Only when it was too late and Laihinen was scooting down the left sideline with a full escort of blockers in front of him did the Bulldogs realize that it was a ruse.

Laihinen went into the end zone for an easy 26-yard touchdown run and a 7-0 lead at the 8:37 mark of the first quarter.

"We saw something in the films that we thought might work on them and then we took advantage of it," said Laihinen.


After Cedarburg (7-3) grounded out a 14-play, 63-yard TD march that ended with a 5-yard run by Ben McComis for the tying touchdwon early in the second quarter, Laihinen led the Highlanders back down the field to seize the lead again.

On a 2nd and 8 play from the Bulldogs 31, he executed almost exactly the same play, this time at the 10:17 mark of the second quarter and giving the Highlanders a 14-7 lead.

"Those kind of plays, you're not sure how things are going to work out," said Keel, "but it was time to put in the next step (of the offense). It's supposed to look like a trap play, but Jake (Laihinen) is such a good magician with the ball."

He had a chance to prove that point again with less than a minute to go in the half as the Highlanders defense forced a fumble that end David Pfaff recovered on at the Cedarburg 48. Two plays later, Laihinen put the ball where only senior end Darius Cross could reach.

Cross plucked the ball off the top of his defender's helmet, regained his footing and rumbled in from 34 yards outs with 42 seconds left in the first session, making it 21-10.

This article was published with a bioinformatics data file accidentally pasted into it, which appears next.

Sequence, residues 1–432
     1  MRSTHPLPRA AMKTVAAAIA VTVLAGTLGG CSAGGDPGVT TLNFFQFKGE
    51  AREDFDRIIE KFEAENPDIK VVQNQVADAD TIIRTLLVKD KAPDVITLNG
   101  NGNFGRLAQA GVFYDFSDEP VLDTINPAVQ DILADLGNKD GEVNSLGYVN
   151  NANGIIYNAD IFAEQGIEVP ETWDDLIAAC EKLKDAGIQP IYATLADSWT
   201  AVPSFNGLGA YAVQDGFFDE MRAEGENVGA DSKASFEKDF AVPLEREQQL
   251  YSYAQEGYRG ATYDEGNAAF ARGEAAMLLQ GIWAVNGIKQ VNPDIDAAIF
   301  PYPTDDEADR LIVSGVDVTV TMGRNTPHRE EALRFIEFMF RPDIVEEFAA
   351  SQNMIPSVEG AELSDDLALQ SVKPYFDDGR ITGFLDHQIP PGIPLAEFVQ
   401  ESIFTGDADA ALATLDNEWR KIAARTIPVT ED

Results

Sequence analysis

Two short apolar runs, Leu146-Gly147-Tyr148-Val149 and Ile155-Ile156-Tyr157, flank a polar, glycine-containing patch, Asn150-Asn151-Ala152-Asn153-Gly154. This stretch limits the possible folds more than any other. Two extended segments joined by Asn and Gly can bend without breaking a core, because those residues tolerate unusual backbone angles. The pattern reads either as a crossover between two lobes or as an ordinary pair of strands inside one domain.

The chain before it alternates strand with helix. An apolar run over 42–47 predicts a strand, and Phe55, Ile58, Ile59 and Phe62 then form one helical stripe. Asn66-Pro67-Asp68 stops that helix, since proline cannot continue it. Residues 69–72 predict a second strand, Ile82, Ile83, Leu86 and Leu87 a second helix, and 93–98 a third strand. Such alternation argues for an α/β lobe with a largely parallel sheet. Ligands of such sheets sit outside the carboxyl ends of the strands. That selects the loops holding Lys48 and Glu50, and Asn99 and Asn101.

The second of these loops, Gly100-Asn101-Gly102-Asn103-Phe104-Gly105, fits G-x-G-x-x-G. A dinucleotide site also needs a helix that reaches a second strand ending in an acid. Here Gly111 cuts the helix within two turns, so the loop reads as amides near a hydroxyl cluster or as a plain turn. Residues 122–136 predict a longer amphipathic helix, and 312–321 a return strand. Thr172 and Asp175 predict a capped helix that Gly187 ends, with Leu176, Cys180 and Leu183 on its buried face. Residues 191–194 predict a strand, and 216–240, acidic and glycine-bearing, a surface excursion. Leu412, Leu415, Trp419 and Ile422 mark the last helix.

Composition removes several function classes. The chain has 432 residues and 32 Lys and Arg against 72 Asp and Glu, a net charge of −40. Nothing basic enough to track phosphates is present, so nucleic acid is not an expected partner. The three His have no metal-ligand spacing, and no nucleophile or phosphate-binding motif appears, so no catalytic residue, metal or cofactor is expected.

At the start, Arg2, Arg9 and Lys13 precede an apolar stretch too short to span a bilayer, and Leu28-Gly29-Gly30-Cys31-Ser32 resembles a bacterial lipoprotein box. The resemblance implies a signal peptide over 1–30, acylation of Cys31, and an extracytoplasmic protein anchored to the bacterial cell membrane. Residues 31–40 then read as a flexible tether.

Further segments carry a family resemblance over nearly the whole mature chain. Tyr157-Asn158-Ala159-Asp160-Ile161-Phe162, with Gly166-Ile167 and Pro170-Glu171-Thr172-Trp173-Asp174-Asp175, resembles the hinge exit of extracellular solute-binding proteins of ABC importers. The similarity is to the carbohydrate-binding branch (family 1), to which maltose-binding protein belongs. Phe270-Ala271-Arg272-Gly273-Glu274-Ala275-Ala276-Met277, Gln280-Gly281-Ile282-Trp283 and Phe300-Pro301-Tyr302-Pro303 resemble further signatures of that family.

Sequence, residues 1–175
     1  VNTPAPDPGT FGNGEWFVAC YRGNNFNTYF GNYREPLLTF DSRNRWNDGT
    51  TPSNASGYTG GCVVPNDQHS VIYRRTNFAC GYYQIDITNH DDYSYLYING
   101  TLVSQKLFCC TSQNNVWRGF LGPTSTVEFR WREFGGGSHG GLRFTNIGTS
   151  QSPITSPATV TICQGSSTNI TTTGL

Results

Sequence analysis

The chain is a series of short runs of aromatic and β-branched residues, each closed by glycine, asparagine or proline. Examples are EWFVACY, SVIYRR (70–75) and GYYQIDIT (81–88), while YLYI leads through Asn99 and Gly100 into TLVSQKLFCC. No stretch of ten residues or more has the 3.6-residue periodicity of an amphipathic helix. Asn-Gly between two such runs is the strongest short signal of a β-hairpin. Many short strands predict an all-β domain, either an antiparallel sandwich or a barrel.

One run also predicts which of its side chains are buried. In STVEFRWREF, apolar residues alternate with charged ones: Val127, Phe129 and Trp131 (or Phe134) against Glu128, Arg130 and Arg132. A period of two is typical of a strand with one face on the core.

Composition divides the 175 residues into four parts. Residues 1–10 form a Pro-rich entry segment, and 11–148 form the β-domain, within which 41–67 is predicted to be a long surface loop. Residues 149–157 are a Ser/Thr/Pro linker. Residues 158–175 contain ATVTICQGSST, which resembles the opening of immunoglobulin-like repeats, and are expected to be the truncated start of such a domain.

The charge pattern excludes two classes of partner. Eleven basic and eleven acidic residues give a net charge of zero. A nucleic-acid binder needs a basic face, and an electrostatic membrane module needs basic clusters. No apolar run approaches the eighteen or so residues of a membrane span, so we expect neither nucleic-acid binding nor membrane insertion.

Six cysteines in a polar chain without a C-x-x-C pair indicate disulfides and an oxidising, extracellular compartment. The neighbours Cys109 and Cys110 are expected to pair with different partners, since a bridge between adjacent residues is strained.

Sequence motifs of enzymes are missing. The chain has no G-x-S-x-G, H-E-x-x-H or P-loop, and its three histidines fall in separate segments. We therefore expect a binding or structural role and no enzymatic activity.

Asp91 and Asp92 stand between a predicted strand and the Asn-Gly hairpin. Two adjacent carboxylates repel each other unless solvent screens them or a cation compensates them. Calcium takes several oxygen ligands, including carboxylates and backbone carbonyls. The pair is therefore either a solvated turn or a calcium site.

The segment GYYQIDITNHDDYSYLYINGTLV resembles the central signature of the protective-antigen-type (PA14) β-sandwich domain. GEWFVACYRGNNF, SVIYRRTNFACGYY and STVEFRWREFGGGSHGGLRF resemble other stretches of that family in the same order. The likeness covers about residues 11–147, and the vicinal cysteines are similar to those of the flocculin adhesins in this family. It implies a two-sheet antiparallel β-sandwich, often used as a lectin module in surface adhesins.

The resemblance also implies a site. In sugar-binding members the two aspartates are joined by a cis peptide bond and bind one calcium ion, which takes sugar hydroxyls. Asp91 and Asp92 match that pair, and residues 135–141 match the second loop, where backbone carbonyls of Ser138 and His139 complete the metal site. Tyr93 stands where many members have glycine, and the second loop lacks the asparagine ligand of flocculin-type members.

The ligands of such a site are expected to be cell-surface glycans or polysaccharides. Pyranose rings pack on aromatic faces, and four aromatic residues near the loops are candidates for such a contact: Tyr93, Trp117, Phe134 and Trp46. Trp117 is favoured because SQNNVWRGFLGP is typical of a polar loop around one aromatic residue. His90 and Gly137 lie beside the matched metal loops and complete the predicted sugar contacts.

A play later, Highlanders linebacker David Anderson landed on another Cedarburg fumble the Bulldogs 40, though the drive stalled. The defense came up big again on the first possession of the second half, when Cedarburg's 13-play, 54-yard drive ended in a 27-yard field goal attempt by Nick Plachinski that went wide left.

The important play on the sequence was provided by the safety Pelisek, where on 1st and goal from the Homestead four, he knifed through the line clean and buried back Hudson Walton for a six-yard loss.

But a defensive stop later, the Bulldogs had the ball back in their hands again and this time they went 81 yards in seven plays, as Mojica hit Andy Jones with an 11-yard TD pass and when Walton ran a sweep for the two-point conversion. It was suddenly 21-18 with 9:15 left.

However, when needed, the Highlanders offense came up with an importat time-killing drive, consuming close to six minutes of time on 12 plays and advancing to the Cedarburg 6 on 1st and goal.

But two penalties moved the Highlanders back to the 18 on 4th and goal, and a pass from Laihinen to Jack Popp left Homestead less than a yard from a clinching TD.

With the crowd howling on both sides, the Bulldogs had to move from their own one with just 3:37 play, but they had all three timeouts. Mojica got them out to the 50, setting up the final drama.

"That was a big sense of relief," said Laihinen, as he witnessed Stendler's pivotal sack in the final seconds.

In Stendler's mind, somebody simply had to do it.

"I knew there some of us who really needed to step up (going into this year)," he said. "So I did a lot of lifting and I tried to become a leader on the defensive line. I knew what as expected of me."